More than 40 former Sony Music Australia employees have contacted a Sydney law firm seeking advice about the possibility of taking action against the world’s second-largest record label, since allegations of a toxic workplace culture first aired and its Australian chief executive was removed in June.
A class action against the company has not been ruled out, and no decision has yet been made whether any proposed litigation will remain inside Australia or broadened to include Sony Music Entertainment’s global head office in New York.
The law firm MacDougall & Hydes confirmed to Guardian Australia that in recent weeks dozens of women and men from a broad range of the company’s operations had contacted its offices.
“Class actions are not straightforward, and a decision to institute one depends on many factors,” the firm’s principal Lauren MacDougall said.
“The first step is to speak to the individuals to ascertain what their complaint is and what their expectations are.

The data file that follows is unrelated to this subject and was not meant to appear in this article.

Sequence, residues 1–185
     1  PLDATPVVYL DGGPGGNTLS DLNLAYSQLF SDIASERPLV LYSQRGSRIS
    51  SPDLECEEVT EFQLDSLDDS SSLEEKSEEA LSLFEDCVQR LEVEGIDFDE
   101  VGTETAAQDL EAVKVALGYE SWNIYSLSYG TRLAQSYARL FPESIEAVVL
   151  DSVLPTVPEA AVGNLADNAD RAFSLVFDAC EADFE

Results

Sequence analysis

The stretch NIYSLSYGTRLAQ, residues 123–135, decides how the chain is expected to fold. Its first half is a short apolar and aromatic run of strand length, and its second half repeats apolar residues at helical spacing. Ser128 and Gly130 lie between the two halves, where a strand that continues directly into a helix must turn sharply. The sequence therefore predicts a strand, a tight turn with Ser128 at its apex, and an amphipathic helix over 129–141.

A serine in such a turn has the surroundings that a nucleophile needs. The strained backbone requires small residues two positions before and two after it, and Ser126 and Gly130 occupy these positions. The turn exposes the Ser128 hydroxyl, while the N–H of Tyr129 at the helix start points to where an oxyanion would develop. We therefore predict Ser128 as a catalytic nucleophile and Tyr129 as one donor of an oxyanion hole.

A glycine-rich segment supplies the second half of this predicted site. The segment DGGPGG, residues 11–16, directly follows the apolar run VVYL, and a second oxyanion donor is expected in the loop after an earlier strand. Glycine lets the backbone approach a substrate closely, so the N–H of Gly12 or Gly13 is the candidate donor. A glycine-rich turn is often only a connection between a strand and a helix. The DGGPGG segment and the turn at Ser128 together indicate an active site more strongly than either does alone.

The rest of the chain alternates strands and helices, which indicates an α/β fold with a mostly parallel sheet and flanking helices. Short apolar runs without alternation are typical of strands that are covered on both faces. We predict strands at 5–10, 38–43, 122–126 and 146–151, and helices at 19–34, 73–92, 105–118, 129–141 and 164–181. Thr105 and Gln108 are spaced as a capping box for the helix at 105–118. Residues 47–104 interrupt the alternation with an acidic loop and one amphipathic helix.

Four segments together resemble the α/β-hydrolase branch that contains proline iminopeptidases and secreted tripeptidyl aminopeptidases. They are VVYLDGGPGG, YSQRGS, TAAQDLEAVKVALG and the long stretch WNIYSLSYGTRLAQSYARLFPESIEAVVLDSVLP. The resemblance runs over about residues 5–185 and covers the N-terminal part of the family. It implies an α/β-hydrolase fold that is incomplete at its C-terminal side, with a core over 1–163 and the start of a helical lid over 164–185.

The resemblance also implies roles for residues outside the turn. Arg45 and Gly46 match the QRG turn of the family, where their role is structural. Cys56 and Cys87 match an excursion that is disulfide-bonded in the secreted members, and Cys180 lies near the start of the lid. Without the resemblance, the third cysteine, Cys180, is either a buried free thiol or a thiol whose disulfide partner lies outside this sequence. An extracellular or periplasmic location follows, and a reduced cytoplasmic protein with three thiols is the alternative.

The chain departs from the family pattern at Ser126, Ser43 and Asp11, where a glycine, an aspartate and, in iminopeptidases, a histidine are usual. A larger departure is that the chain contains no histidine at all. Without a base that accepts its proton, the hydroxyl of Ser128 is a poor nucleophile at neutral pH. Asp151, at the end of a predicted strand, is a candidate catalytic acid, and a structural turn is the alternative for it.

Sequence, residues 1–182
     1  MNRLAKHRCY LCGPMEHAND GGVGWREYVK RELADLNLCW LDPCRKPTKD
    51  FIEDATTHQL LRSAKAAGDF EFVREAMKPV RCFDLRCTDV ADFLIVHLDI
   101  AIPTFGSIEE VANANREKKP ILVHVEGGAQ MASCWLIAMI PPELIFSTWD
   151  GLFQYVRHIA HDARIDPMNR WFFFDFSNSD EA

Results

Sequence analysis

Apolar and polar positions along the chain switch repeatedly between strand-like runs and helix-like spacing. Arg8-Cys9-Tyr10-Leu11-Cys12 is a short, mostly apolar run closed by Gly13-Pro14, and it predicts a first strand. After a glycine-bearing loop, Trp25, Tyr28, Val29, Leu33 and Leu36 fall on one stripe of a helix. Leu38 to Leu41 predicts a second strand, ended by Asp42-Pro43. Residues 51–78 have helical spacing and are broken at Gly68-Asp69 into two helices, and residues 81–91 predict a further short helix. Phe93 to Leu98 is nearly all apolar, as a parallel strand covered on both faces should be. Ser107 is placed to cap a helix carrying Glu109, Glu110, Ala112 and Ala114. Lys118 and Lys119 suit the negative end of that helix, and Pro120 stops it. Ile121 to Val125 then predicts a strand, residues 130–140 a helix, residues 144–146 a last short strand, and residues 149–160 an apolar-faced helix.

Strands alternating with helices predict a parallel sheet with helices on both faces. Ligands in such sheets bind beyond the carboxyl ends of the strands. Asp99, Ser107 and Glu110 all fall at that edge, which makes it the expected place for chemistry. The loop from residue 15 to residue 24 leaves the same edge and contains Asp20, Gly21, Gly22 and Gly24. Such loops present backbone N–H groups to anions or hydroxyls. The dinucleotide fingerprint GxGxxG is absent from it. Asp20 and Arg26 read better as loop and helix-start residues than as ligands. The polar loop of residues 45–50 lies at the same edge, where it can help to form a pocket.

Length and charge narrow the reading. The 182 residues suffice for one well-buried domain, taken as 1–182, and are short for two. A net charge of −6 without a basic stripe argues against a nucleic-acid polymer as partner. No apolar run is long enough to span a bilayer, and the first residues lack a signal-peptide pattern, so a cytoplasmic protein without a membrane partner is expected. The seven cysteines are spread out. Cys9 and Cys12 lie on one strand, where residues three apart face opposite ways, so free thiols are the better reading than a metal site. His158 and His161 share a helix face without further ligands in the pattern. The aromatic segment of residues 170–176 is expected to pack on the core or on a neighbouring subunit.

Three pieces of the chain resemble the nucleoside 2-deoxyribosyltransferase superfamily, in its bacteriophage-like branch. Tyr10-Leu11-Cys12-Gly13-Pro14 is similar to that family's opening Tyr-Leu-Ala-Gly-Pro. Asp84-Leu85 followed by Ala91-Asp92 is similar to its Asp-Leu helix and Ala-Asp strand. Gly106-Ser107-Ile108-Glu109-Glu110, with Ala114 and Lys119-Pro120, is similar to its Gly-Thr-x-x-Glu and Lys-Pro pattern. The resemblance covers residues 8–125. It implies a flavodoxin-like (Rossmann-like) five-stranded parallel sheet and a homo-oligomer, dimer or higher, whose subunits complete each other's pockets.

“At this time, it is simply far too soon to confirm the position.”
On 21 June, one of the most powerful men in Australian pop music, Denis Handlin, was dismissed as CEO of Sony Music Australia. It came a week after the Guardian approached Sony Music’s New York head office with multiple complaints from former employees alleging a toxic work environment at the company’s Australian arm.
The complaints, which are aimed broadly at the workplace culture rather than specific individuals, include allegations of sexual harassment at work events, intimidating behaviour, alcohol abuse and the unfair treatment of women in the workplace. They span more than two decades.
None of the former employees Guardian Australia spoke to made any allegations of sexual harassment against Handlin himself, although they were critical of the workplace culture at the company while Handlin was CEO.
Until the time of his dismissal, Handlin was Sony Music’s longest-serving employee, having spent 50 years at the label.